This past Friday I had the pleasure of judging the Venture Capital Investment Competition (VCIC) at NYU Stern along with several other VCâ€™s including, Bronson Lingamfelter from Rose Tech Ventures, Zach Schildhorn from Lux Capital, David Nevas from Edison Venture Fund, Justin Wohlstadter from Penny Black and angel Joe DeMartino.
Unlike most business plan competitions this one flips the model, the students act as VCâ€™s and evaluate 3 real companies and determine which one to invest in.Â As a judge you are not evaluating the companies, but evaluating the students abilities around diligence, term sheet development and negotiating a deal.
The three companies that volunteered to be poked and prodded by the students were MusicVilage, CalendarFly and Dr. Chrono.Â The day started with 15-minute presentations by each company and was followed by a diligence session between the companies and each team.Â From there the teams went off and developed term sheets for the company of their choice and than presented and negotiated them.
The six schools competing at the NYU event were Carnegie Melon, Columbia, Cornell, London Business School and Yale.
The fund profile the teams were given to invest from was an $80mm fund, that was 40% invested and invested in Seed / Series A Deals.Â I believe this handicapped the teams as all three companies were seed stage companies that most of us agreed needed $500k – $1m to show some results. Â Further there were some questions on whether the exits of the companies could move the dial for a fund of $80mm.Â Â The fund size probably should have been around $30mm â€“ $50mm, in which case any of these companies could produce appropriate returns for funds of those size.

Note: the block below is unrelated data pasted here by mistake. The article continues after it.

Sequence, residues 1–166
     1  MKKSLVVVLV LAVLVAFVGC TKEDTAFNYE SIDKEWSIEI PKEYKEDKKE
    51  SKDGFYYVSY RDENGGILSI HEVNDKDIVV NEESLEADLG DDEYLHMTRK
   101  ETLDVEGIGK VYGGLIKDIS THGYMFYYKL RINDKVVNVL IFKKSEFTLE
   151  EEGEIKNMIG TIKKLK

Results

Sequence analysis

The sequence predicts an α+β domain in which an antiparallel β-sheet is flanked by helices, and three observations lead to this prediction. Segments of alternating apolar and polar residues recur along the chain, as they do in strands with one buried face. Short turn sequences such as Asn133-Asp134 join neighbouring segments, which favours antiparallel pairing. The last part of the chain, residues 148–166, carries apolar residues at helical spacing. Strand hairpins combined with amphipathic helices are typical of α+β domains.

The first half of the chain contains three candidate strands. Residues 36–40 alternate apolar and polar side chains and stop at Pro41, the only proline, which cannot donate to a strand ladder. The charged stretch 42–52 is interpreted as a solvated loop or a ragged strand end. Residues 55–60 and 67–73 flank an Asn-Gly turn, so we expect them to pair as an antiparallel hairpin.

A few themes out of the diligence sessions included:
- Focusing mainly on the business very little about the entrepreneurs
- No team gave the entrepreneurs the ability to ask them questions
- Few teams focused on product roadmap / development
A few themes that came out of the term sheet development and negotiations included:
- All teams over funded the companies significantly.
- Many of the term sheets used a complex traunching schedules.
- Valuations ranged significantly and were based on the science of financial models, which is very different than seed stage valuation determination
- Board sizing was interesting, most were 5 or more, and one team proposed a 4 person board
Congrats to all the teams that did a great job!Â The top three teams were 1) Columbia 2) London Business School 3) Cornell.Tweet